Don’t forget to change your desiccant breathers!
Desiccant Breathers have been around in our industries for over twenty years now. Most of the plants that I’ve been to typically have some sort of desiccant breather presence. Whether it’s the blue kind or the gold kind, or a mix of the two. They are on all kinds of different equipment from pumps to tanks to gearboxes to mobile equipment. There’s large and small and many different configurations. But the most common thing I see are breathers that are spent way past their useful life. The color change has taken place, or they are completely discolored beyond any usefulness. This product has served as a great weapon against condensation and water ingression for quite some time, but they need to be replaced when spent to be able to protect your equipment from water issues. With the rain and hot/humid season upcoming, here are a couple of tips to keep you on top of your desiccant breathers.
Seemingly the most obvious suggestion is to change them when you see them spent. Whether they turn from gold to dark green, or blue to pink, or any other color, this is designed to be a visual indication that your breather needs replacing. This action can be an easy thing to say, “I’ll have to change that sometime”. The problem is that “sometime” becomes “no time” because nobody ever has the time. Keep a public list of spent breathers that you or others see while tending to other, more important priorities. Then, set a specific time, every week or every 2 weeks, to have someone change out spent breathers. It is crucial to keep water out of your equipment, desiccant breathers are the best consistent defense.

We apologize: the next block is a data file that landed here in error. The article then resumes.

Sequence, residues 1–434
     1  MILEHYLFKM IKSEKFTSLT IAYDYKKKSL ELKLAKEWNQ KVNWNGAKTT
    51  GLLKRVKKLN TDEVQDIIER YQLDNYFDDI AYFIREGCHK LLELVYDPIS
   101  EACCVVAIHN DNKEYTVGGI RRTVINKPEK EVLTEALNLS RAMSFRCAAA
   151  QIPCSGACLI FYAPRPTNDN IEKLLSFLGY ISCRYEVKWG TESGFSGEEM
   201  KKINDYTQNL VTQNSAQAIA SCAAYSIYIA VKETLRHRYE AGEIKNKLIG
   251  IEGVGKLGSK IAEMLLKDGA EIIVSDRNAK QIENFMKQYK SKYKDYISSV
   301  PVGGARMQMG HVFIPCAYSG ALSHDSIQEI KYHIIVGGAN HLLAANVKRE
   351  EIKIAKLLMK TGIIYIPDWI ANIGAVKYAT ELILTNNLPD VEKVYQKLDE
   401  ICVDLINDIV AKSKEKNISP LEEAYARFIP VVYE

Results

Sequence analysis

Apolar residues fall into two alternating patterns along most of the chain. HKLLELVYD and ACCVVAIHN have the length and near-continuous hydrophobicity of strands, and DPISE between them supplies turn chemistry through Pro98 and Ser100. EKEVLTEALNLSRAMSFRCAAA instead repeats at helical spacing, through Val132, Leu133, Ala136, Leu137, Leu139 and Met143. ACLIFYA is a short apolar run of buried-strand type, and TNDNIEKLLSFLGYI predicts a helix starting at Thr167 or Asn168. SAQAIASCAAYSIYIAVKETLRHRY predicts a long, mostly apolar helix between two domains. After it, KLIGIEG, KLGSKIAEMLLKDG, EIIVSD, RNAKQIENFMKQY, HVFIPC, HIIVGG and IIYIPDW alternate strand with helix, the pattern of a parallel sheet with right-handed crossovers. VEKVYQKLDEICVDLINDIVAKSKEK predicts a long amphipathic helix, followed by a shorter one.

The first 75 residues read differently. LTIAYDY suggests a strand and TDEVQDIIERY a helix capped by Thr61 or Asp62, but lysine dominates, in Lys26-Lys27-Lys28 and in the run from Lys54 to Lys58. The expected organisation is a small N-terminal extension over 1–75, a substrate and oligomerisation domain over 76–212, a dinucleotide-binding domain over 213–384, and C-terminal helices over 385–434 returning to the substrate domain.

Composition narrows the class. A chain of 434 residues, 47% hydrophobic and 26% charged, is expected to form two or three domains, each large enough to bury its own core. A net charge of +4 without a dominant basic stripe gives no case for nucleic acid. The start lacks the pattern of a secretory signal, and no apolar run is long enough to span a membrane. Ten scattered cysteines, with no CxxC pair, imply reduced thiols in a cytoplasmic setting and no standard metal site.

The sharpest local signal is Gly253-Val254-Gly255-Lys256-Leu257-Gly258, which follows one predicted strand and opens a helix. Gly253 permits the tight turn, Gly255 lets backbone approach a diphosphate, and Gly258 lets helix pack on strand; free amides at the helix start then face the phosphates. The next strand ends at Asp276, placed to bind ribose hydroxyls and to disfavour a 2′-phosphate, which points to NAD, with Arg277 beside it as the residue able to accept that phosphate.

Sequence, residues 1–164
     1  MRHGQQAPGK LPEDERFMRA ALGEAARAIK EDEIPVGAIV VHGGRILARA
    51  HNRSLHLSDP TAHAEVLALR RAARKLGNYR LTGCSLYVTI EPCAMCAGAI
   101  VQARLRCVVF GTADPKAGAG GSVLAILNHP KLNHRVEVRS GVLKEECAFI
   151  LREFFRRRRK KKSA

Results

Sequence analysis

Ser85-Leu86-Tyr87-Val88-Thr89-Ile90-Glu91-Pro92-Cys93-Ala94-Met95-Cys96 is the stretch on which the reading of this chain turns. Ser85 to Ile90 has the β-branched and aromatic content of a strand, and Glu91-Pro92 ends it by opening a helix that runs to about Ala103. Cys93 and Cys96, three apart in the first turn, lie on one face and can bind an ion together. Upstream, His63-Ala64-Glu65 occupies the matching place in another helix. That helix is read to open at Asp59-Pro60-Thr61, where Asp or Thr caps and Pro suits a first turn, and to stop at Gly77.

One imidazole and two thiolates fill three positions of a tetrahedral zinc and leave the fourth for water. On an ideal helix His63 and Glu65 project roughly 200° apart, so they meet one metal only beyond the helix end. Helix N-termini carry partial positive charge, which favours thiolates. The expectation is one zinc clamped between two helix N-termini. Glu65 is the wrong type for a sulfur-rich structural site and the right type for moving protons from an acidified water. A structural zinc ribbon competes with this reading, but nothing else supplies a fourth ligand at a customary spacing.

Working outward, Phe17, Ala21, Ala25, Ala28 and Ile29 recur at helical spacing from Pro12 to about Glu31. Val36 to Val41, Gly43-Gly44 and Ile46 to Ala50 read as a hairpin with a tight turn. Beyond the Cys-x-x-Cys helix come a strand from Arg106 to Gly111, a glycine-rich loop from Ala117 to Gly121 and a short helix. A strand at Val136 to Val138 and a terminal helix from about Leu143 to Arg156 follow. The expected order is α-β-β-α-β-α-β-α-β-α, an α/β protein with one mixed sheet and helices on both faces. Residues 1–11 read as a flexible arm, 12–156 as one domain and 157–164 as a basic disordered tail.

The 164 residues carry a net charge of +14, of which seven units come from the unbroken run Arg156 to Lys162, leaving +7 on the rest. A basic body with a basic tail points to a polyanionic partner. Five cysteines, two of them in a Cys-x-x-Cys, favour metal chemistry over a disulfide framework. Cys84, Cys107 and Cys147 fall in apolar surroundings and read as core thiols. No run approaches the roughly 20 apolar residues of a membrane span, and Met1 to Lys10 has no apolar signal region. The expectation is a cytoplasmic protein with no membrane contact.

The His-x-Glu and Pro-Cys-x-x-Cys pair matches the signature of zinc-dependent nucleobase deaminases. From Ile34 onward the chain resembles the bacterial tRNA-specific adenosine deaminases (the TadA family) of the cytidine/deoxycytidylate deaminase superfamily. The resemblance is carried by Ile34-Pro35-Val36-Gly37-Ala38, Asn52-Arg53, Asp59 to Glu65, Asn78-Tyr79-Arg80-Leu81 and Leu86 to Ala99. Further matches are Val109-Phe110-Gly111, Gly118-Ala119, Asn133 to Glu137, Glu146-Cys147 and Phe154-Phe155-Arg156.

Timestamp Your Breathers
When you are installing a new or replacement breather, write the date of installation. Keep a log of how long a desiccant breather lasts in each installation. This can be good information when deciding to change out a breather or not. Over time, this can prove to be important in setting your future schedules for desiccant breather maintenance.
Maybe It’s Time to Upgrade
If you find that you are continuously changing a desiccant breather in a certain application, first check to see why they may be getting spent so quickly. They may be in a high draft area or high volume of air exchange in the application. If the breather application cannot be mitigated, perhaps using a larger breather will extend the time needed between changes. Alternatively, there are many different types of breathers available that may be better suited for your application. When many of the initial desiccant breathers were specified, either the advanced versions were not yet available, or it was based on the lowest cost units. Today’s options include check valves that protect the desiccant from the surrounding environment when it’s not in a dynamic state. They also include purge expulsion ports that allow purged air to expel to atmosphere before having to go through the desiccant. This will save desiccant life as well, extending the time between replacements.
Don’t Forget About Me!
These products are proven to take moisture from the headspace of equipment. It has also been proven that if the headspace is dryer than the oil, moisture will be pulled from the oil. This is obviously good for your equipment – but only when the desiccant has useful life. The important thing for your equipment is, regardless of type or size, is to take time to replace your desiccant breathers when it’s necessary, not when it’s convenient. You might just be preventing a critical failure in the process.
For more information on selection a breather for your application, check out our video.
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